They do. "You mine heat from this local region underground faster than it's being resupplied by radioactive minerals in the rock and conduction through the Earth," says Jefferson Tester, an EGS expert at MIT. Eventually, the rock between the injection and production well gets cold. But like crop rotation, new wells can be drilled nearby, where the rock is as hot as ever. By rotating among several pairs of wells, you can keep getting hot water. Overall, the process extracts a small fraction of the heat in a big block of rock and a laughably small amount of Earth's heat. No system could dream of cooling off the Earth. 


Engineered and natural geothermal use the same power plants, which are very clean. Binary plants, the cleanest designs, emit no gas into the environment, not even steam clouds. The circulating water stays in a pipe and boils another fluid to turn the plant's turbines. Steam and flash plants, which puff out billowing steam clouds, naturally emit little sulfur dioxide, nitrogen oxide and carbon dioxide and have scrubbers that let virtually no hydrogen sulfide escape. 


In addition, geothermal power plants don't occupy much land: 7,460 square meters (80,299 square feet) per megawatt. Let's see how other energy sources compare:

  • Solar panels are the worst on space, sprawling over 710,418 square feet (66,000 square meters) per megawatt of electricity under ideal conditions.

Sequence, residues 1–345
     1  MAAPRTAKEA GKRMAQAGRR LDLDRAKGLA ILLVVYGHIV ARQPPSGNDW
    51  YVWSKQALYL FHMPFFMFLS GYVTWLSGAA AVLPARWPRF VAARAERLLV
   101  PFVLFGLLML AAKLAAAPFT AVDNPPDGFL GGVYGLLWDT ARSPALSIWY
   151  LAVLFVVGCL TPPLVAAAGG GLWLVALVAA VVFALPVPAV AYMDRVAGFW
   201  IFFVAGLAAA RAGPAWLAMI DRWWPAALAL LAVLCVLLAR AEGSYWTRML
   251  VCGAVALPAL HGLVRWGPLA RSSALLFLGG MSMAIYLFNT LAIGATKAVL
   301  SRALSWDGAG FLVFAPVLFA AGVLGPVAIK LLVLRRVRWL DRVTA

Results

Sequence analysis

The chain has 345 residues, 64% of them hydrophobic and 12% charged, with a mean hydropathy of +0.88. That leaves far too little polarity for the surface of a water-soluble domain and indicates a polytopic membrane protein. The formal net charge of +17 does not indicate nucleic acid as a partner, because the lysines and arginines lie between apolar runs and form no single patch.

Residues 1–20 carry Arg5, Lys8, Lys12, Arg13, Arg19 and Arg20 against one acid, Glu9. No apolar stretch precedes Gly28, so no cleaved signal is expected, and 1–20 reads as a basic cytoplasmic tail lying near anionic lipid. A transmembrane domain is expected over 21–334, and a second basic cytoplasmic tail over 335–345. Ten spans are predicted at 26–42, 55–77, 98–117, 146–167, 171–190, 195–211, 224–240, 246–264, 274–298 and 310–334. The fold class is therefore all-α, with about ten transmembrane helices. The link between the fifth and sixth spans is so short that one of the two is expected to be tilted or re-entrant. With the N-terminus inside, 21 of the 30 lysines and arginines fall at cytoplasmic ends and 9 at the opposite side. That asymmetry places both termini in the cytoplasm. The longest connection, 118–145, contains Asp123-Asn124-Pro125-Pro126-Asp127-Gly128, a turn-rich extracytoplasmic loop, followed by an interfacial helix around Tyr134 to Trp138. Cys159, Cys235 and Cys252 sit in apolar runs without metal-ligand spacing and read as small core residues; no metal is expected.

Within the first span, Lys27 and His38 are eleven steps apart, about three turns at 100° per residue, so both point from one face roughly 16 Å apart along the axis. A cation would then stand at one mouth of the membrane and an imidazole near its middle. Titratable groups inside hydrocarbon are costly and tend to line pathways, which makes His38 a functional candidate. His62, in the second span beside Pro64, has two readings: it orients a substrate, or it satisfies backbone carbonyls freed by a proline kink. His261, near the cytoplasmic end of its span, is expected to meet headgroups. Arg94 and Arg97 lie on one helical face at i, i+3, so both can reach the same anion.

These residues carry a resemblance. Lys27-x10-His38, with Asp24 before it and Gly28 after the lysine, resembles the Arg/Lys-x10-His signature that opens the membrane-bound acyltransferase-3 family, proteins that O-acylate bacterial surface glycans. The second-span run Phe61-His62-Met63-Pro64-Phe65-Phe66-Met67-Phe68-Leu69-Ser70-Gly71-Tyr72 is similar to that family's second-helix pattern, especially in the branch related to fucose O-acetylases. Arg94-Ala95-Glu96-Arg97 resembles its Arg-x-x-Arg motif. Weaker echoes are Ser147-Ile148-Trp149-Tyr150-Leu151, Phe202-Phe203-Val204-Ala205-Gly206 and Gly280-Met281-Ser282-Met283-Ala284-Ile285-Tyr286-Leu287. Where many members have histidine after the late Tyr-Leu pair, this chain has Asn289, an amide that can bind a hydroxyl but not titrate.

• Coal plants and their strip mines occupy 430,556 square feet  (40,000 square meters) per megawatt.
  • A nuclear plant takes up 107,639 square feet (10,000 square meters) per megawatt.


Geothermal power also offers a country energy security. Because the resource is on home soil, and for all purposes, unlimited, there's no need to worry about the cost of imports. And unlike nuclear power, byproducts of geothermal can't be used for weapons.


Engineered geothermal's big advantage over natural geothermal is that it works almost anywhere. Engineered geothermal needs only hot rock. "You drill deep enough anywhere, and you'll hit hot rock," says Peter Rose, an EGS expert at the University of Utah.

 Here's another benefit of geothermal: Monkeys like it. Japanese macaques hanging out at the hot springs in Macaca Yamanouchi Town, Nagano Prefecture, Japan.

The Cost of Artificial Geothermal Energy: Dollars, Cents and Watts

We can't avoid the economics. Investors want to know how fast engineered geothermal systems (EGSs) will pay for themselves, and consumers are concerned about the cost of the power.


The most expensive part of engineered geothermal energy is drilling the wells. To drill one 2.5-mile (4-kilometer) well, which is middle-range, it costs about $5 million. If the heat happens to be deeper, at 6.2 miles (10 kilometers), the drilling cost skyrockets to $20 million per well [source: Tester]. These costs could drop by the millions per well as drilling technology progresses.


Once the wells and power plant are built, the system is inexpensive to operate. The heat from the Earth is free. Operators pay to keep the water pumps pumping and to maintain the wells. They also pay to redrill wells every five to 10 years, says Tester. 


A mature engineered geothermal power plant can churn out between 1 and 50 megawatts of electricity, enough to supply 800 to 41,000 average U.S. homes [sources: Tester, EIA]. The output is less than some natural geothermal plants and pales in comparison to the more than 2,000 megawatts that a coal-fired plant can supply [source: Tester].